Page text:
Been working on creating a new website which I had hoped would be up and running by now. In a desperate (and ridiculous) attempt to keep a New Year's resolution from a few years ago, I am posting this picture and Autumn Haiku which links to last month's reflection and reveals my losing battle with the onrush of time.
swoops to Almost October—
Where'd September go?!?!?!
The poem below was inspired by a recent monologue of Jimmy Kimmel as well as my own backyard observations. I'm not sure how often comedians and poets contemplate the same phenomenon, but certainly the arrival of August elicited the same response from most everyone I know (and many of whom I don't).
This year's vacation, sweet as it always is, was made sweeter by an email from my editor at Scholastic who notified me that my newest manuscript had been accepted for publication in the spring of next year. It takes me a long time to research and write a book; my stories go through numerous revisions with many of my agonized words landing on the cutting room floor. Here's an outtake from my upcoming novel which I will write more about as it nears publication...
The saga taking place on our borders is a sad reminder that time moves in slow concentric circles and that as a people, we often fall far short of our lofty American ideals.
Decades ago, afraid that refugees were a threat to national security, Franklin D. Roosevelt turned away hundreds of desperate individuals escaping Nazi persecution. Finally, bowing to increasing pressure to do something, Roosevelt capitulated and 1944, 1000 mostly Jewish refugees were invited to wait out the war at an abandoned army base in Oswego, New York. Considered guestsof the President, these displaced individuals had no legal standing and were expected to return to their homeland after the war. Until that time they were kept behind a chain link fence — adding humiliation to the unspeakable traumas they had already suffered.
For generations, thousands of accompanied— and unaccompanied — children arrived in Ellis Island with the blessings of parents who hoped that their children could forge a better life than they themselves could offer. My own grandfather was seven years old and traveling with a local family when he left Italy to meet an older sister living in New York. Danger often pushes us to make unthinkable decisions. Poverty does the same thing.
I doubt there are any readers who would condone Roosevelt’s initial choice to turn away so many desperate people seeking shelter, many of whom later perished in concentration camps. And whether or not they were accompanied by their parents, how many of us are not grateful for the courage of immigrant ancestors who gave us our own American roots?
Of course there is a great difference between legal and illegal entry, but desperation often forces difficult, life and death decisions. As in every choice set before us, kindness and compassion should always trump rigid man-made rules.
History is a perceptive and truth-bound teacher but her lectures drone on and on to inattentive, apathetic learners. At best, we watch out the window, selfishly disengaged and absorbed in the minutia of our own lives. At worst, we are callous egotists, indifferent to the needs and suffering of others, wielding power instead of pity, stubborn righteousness in lieu of compassion.
The more I read and research, the more I realize that History is not simply a indifferent record of the past. To those who are listening, History issues a vital warning about the present. As human beings we are capable of great kindness and compassion, but we are also capable of great cruelty, self-centeredness, and indifference. Be vigilant, History seems to implore. Be brave. Do what is right before what is wrong destroys the good you have achieved.
As we sit daydreaming, History is taking notes. Years from now the conscientious student will wonder how we let it happen. With so many high ideals, how did we lose our way?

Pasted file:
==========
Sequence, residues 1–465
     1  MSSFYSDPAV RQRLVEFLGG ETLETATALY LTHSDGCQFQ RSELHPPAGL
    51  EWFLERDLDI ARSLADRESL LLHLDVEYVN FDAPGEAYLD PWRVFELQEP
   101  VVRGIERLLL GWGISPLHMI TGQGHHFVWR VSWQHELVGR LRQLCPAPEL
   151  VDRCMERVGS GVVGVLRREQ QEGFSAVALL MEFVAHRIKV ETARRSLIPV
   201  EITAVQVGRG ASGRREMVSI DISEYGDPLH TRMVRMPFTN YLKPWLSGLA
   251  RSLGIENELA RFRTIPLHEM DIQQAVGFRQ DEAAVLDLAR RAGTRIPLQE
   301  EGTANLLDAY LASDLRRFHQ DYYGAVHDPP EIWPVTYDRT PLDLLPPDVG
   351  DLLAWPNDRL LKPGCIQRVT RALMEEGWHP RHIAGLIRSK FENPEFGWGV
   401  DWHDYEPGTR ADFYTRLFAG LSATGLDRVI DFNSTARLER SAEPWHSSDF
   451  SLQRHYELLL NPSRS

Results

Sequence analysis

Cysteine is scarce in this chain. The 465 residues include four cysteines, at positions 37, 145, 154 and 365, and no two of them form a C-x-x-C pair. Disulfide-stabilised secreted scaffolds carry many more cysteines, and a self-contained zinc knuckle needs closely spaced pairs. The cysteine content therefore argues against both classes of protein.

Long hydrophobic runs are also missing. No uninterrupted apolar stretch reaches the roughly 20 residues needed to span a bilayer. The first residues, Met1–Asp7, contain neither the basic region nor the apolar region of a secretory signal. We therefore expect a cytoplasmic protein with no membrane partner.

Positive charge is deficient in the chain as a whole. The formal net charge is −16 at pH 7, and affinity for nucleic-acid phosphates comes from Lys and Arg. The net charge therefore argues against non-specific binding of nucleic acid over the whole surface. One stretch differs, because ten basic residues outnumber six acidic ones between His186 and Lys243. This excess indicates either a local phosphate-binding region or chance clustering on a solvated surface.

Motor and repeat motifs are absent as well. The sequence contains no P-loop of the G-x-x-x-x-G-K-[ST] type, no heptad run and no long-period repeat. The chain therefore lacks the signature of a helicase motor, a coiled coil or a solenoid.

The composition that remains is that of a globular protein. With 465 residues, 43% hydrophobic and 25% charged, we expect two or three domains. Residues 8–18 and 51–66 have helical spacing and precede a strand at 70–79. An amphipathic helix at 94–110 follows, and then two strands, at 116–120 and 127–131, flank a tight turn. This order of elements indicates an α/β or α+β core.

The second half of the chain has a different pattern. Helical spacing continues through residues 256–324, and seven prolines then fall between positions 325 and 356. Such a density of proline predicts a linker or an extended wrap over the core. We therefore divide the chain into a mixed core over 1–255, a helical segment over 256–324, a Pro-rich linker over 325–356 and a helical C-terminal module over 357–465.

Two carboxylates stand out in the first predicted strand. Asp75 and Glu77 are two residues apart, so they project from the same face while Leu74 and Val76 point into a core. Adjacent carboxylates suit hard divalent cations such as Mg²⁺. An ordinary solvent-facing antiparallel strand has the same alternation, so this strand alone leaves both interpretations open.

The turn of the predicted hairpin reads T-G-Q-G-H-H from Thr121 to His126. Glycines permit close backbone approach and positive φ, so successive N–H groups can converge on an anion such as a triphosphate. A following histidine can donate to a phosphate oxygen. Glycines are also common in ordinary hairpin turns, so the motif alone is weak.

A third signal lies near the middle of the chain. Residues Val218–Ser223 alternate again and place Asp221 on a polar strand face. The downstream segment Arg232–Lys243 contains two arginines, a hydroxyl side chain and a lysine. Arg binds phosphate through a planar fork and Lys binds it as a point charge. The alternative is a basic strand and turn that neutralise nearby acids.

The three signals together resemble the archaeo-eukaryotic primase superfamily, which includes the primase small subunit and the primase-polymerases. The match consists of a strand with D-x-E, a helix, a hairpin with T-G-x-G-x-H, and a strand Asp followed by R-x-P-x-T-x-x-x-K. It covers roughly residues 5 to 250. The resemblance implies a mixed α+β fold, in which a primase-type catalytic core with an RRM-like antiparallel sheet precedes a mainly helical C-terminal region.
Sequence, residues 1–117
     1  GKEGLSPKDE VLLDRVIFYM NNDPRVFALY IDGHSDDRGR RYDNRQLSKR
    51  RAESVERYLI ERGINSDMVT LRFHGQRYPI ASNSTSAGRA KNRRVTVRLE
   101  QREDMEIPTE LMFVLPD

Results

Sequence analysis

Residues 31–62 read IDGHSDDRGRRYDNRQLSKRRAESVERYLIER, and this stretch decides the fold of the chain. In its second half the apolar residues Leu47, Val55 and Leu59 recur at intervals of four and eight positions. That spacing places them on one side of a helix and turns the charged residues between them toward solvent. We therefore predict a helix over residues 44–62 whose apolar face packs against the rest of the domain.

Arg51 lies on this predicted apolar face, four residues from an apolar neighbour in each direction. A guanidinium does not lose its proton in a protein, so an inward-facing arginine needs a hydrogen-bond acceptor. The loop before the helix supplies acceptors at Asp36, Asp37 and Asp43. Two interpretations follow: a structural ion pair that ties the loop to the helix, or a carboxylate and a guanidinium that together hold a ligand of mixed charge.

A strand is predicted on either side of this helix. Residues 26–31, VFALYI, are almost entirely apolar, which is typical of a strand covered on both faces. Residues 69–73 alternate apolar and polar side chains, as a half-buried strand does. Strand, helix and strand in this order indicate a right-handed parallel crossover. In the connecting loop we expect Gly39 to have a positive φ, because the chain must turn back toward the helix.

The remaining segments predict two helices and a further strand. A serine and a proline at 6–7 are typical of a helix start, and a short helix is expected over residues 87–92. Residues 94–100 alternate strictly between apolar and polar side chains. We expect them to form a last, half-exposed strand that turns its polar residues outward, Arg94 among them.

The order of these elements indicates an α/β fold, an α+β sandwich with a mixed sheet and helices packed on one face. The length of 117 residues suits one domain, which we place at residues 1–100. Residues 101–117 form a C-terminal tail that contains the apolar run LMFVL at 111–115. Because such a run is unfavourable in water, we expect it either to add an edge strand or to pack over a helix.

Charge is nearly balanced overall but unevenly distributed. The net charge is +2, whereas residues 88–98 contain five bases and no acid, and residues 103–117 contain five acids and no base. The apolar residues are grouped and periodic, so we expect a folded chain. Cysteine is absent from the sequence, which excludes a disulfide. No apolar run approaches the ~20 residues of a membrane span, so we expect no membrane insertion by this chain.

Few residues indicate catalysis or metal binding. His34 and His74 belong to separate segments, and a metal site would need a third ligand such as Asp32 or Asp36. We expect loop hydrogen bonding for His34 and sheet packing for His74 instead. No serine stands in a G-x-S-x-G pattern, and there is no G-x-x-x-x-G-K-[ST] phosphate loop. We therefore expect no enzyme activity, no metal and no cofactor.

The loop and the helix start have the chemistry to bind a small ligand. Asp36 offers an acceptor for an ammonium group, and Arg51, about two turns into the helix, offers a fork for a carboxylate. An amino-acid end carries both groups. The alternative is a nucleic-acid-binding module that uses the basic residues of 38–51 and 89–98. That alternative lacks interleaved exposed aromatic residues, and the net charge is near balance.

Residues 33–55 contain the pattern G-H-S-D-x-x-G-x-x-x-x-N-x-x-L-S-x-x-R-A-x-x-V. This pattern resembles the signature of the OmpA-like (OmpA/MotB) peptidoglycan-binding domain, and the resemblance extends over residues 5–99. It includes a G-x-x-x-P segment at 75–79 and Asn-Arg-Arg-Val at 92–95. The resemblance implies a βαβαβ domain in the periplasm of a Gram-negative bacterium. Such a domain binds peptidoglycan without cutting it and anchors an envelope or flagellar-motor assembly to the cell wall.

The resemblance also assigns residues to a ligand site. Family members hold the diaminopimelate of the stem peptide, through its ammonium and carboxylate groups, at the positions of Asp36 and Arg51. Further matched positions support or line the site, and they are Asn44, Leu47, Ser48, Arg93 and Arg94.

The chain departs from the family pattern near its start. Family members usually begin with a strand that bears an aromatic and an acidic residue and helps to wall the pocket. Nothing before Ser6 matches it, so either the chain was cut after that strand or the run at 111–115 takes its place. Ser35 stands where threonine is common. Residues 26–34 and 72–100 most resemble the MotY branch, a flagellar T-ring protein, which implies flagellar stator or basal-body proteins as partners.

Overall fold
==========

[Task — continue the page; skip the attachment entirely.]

Recently the New York Times began a series of obituaries written for noteworthy citizens who had been overlooked at the time of their actual death. As the Times states, Since 1851, obits in the New York Times have been dominated by white men. Now we are adding stories of other remarkable people. Always alert for tales of the forgotten, especially those that reflect a refusal to be defined by any force that seeks to denigrate or stifle, I was delighted to read these miniature biographies. These were truly exceptional women, women who had contributed to both science and the arts, true role models, inspiration for a new generation. I decided to dig deeper and immediately set to work— new notebook, sharpened pencil, and special library requests for books that were long out of print or otherwise inaccessible. Boundless enthusiasm is always the hallmark of early research when voices from the past first invite me into their lives.Unthinkable! I eagerly scribbled in the margins of my new notebook, a perfect title and first line for a possible picture book. Halfway down page 108 of a book borrowed from a nearby college, I put down my pencil. In a litany of accomplishments I stumbled on a line that derailed me. My subject was a racist. How could such an gifted and enlightened individual harbor such ugly, racist thoughts? Because my blog is a place for personal reflection and not to provide an exposé of historical figures, I won't be naming my subject. Let readers celebrate her accomplishments and let her ugly private thoughts remain buried in an out-of-print, not easily accessible narrative. For myself, however, I cannot unknow what I know. Some may argue that my subject was a product of her time; that we cannot judge people from the past by contemporary standards; that it is not our place to scratch too deeply into another’s person's private beliefs or politics. But if we are all and always the product of a given time, how does anything ever change? Civilization only moves forward when individuals are sensitive to eternal truths despite their society's restrictions. Isn't that what the Times was celebrating? Isn't that what they were rectifying by these long overdue obituaries? If my subject could see that a woman was equal to a man despite the limits of her generation, why could she not also see that the color of one’s skin does not determine a person’s worth or intellect? Why did she not also realize that poverty often stems from limitations imposed by the ones with the most power— the same limitations that decreed a woman less capable than a man? We rightfully admire forward-thinking people who step outside society’s unjust boundaries. Remarkable people should be remembered and celebrated. But if, in looking back we stumble upon something wrong or offensive, it seems that we should pause and note that too— not to chastise or vilify, or muddy the waters, but to hold racism’s ugliness to the light, to prevent it’s continued proliferation, and remind ourselves that we can be greater than our role models.